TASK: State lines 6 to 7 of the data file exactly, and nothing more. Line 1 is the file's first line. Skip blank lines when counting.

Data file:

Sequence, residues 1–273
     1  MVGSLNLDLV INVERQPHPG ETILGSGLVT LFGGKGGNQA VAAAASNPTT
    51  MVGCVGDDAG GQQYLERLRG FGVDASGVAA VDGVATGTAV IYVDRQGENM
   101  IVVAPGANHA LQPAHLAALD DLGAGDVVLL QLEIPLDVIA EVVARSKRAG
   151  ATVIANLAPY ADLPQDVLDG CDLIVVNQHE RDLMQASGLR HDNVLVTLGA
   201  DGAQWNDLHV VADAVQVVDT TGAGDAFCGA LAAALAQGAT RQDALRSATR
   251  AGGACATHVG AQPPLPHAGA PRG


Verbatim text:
   201  DGAQWNDLHV VADAVQVVDT TGAGDAFCGA LAAALAQGAT RQDALRSATR
   251  AGGACATHVG AQPPLPHAGA PRG